Optimize Your Infield System with Top Pilot & Double Chamber Valves

3 Min Read

Have you ever wondered how to make decisions based on your sensor data? To tackle that question, we’ve added a few new features that will help turn your sensor data into actionable, field-level information.

To plan irrigation, the most important information is when the field will be dry. Our last step is to send you the estimated day of the week that your field will cross the “dry threshold” - where the dashed line crosses into the beige area.

The “dry threshold” is the point at which the owner of the field chooses to represent when irrigation should be applied. At Trellis, we refer to this point as the “trigger point”. In the example above, the trigger point for irrigation is when the average field moisture hits -40kPa. You can set a custom trigger point by using our Sensor Management Plan feature.


When you log onto your dashboard, you will be able to find the recommendation on the Fields page to get a quick overview of all of your fields.

Why is the recommendation important?

Your sensors in the field are constantly sending data to the Trellis Dashboard, and while irrigation decisions are easy to make the closer you get to the dry zone, it is difficult to plan irrigation around fields that have just been irrigated.

The Irrigation Recommendation uses over 300k readings from the last two seasons to estimate the date that the field will reach the trigger point. This means you can log into the Dashboard, get an estimate of what day your field will dry out, and then schedule your irrigation in advance.

Being able to push irrigation back a day can ensure that more water is actually used by the crop, lower crop stress from over-watering, and get you one day closer to harvest without water usage, meaning you can save on water over the course of the season while increasing yield!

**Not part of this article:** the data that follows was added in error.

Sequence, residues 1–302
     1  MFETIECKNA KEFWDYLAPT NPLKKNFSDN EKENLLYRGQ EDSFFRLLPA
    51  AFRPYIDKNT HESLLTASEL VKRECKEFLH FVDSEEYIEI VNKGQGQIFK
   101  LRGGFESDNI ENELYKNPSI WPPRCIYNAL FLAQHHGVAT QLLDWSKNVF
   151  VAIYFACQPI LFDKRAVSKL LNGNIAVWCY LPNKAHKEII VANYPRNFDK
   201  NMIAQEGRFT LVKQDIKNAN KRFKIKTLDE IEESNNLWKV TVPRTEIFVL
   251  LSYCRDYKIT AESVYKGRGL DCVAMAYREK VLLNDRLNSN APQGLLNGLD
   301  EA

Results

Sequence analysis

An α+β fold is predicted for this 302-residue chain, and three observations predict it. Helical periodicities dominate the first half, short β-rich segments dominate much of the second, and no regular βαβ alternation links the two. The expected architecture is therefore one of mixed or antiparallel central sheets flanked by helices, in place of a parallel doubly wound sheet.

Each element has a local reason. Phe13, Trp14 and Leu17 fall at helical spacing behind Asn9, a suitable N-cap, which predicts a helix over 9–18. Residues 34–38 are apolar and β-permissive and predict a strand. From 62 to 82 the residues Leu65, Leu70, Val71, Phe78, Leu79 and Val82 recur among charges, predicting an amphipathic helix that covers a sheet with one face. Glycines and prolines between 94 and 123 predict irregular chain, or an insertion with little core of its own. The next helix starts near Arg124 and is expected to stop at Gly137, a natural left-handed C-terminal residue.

How does the recommendation work?

Let’s consider two scenarios:

  • Scenario one: Your field’s average moisture is already at the trigger point. In this case, you should consider irrigation immediately. You will be alerted of this via text.
  • Scenario two: Your field’s average soil moisture is currently sufficient (in the green zone of the graph). How do you decide when to irrigate? To help with your decision, we create a projection of the field’s soil moisture for the next five days. We then recommend irrigation based on when the projection is going to hit the trigger point. To keep the field’s moisture at a sufficient level, you would ideally irrigate before or close to the day we have recommended.

To generate your field’s projection, we use our knowledge base of over 300k soil moisture measurements to get an idea of how the soil in your field might dry out. We consider the following information to make the projections:

  • The current soil moisture value
  • Soil texture
  • Crop type
  • Crop age
  • Current weather conditions

Your success lies in your own hands. You must therefore not wait for the grass to become greener by magic. You have the hands to irrigate your own territory by doing what is expected of you!

- Israelmore Ayivor, Dream Big!: See Your Bigger Picture!
You can help make future recommendations more accurate!

With every passing day of the growing season, we collect more data that helps us improve our predictions and discover interesting things about the data. However, we still need your help to make sure we are getting the best possible information. Below is a list of things we can use to improve irrigation recommendations for the end of this season and next season.

  • Entering the date that a crop was planted. A date within a week of the actual day helps if you don’t remember the exact date.
  • Entering the harvest date or the planned harvest date for the crop before you archive it for the next planting. When combined with the plant date, we can see exactly how the moisture changed throughout the season.
  • For farmers without a rain gauge in their field, entering irrigation events will help us understand how the soil moisture changes with the addition of water. Farmers with rain gauges have irrigation amounts automatically added to their charts.